Above: Now that's a ham rig! ("Rig" is ham radio slang for an amateur radio operator's transceiver and antenna.) This photograph of the Space Shuttle Atlantis docked with the Russian Mir space stations was taken by Nikolai Budarin from a Russian Soyuz spacecraft on July 4, 1995. During this mission astronauts answered questions from school students over amateur radio. [more information]
SAREX is sponsored jointly by the American Radio Relay League (ARRL), the Radio Amateur Satellite Corporation (AMSAT) and NASA. Students and amateur radio operators can attempt to contact astronauts flying on a SAREX mission through voice, packet (computer) radio, or television, depending on what equipment is flying on the shuttle and on what equipment is available on the ground. According to the ARRL web site, SAREX missions are planned to begin again during the fall of 2000, and schools can apply to be contacted during the space flight.
In addition, in 1997, NASA approved plans to include amateur radio equipment as part of the payload of the International Space Station (Amateur Radio on the International Space Station or ARISS). Since astronauts will have more time in space while on the ISS, more opportunities for ham radio contacts will exist.
"Shannon Lucid used a ham radio while on MIR," said Garriott. "NASA saw how using an amateur radio would be a good thing for astronauts to do in their spare time on the space station."
Above: Onboard the Space Shuttle Endeavour, astronaut Linda M. Godwin (right) talks to students (left) via the Shuttle Amateur Radio Experiment (SAREX). The payload commander, as well as several other STS-59 crew members spent some off-duty time using the amateur radio equipment to communicate with "hams" and students on Earth.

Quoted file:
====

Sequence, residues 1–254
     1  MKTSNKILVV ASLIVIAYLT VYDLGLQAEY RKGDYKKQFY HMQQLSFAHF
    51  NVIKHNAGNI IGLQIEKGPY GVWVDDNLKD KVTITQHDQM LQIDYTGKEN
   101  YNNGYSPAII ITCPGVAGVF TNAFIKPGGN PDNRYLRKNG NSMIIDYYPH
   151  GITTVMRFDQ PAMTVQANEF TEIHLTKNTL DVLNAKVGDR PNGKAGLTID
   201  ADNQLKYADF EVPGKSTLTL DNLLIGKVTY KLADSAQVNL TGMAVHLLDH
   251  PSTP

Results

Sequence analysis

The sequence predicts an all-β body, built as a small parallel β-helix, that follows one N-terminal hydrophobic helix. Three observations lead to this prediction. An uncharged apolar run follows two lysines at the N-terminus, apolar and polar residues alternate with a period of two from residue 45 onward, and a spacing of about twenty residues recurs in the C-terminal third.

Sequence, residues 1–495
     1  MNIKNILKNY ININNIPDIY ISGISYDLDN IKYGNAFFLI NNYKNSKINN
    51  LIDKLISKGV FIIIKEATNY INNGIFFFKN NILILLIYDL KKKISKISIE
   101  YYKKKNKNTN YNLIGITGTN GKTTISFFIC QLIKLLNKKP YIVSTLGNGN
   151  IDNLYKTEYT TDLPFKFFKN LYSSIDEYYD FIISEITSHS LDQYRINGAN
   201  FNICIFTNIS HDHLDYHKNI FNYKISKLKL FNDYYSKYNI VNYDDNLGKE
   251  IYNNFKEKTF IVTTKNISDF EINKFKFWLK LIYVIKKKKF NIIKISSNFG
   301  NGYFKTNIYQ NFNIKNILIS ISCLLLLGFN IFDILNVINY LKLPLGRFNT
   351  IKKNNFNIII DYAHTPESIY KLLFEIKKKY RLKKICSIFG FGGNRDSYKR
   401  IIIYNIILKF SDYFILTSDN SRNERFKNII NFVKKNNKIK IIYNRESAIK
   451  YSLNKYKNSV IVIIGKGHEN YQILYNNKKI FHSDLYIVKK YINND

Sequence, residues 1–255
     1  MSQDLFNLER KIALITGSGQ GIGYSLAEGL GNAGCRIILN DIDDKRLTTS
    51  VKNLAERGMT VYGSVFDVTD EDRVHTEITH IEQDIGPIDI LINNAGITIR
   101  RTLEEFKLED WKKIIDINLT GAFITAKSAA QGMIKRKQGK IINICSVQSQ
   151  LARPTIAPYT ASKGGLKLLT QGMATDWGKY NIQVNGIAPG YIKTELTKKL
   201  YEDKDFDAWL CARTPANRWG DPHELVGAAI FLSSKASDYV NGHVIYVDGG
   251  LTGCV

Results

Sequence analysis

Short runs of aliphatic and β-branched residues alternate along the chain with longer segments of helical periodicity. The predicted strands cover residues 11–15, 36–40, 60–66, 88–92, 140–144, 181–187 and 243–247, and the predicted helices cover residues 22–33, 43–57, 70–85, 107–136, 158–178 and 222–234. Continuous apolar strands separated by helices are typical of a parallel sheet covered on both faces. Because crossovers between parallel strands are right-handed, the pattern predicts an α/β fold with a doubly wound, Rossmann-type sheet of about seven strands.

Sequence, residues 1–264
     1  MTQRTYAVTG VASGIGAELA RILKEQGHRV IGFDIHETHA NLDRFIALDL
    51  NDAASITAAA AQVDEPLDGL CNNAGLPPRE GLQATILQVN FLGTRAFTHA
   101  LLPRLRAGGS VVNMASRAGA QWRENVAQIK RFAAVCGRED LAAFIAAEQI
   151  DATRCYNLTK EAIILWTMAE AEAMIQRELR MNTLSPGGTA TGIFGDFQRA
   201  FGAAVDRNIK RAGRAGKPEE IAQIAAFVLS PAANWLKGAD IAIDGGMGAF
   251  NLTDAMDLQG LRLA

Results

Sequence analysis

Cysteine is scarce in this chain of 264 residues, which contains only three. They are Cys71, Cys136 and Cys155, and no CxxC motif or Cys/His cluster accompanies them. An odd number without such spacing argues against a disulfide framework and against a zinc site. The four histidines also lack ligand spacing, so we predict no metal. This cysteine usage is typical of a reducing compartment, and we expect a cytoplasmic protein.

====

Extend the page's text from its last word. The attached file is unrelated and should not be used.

And certainly hams on the ground are eager for contact with the astronauts. Specially designed shuttle "QSL" cards, which are postcards used by hams to confirm two-way contact or reception of a signal, are among the most prized in a ham's collection -- even to a king.
"(King) Hussein regarded his 1983 contact with Owen Garriott, W5LFL, on board Space Shuttle Columbia, as a high point in his amateur radio career," reported ARRL Executive Vice President David Sumner in a special bulletin following the death of Jordan's King Hussein, JY1. ("JY1" was King Hussein's call sign.)
Schools interested in learning more about SAREX and how it can work with their academic programs should visit the ARRL web page: http://www.arrl.org/sarex/sarexnew.html.
Amateur Radio on the International Space Station - ARISS will extend the SAREX program to the International Space Station
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|For lesson plans and educational activities related to breaking science news, please visit Thursday's Classroom||Author: Lyn Lepre
Production Editor: Dr. Tony Phillips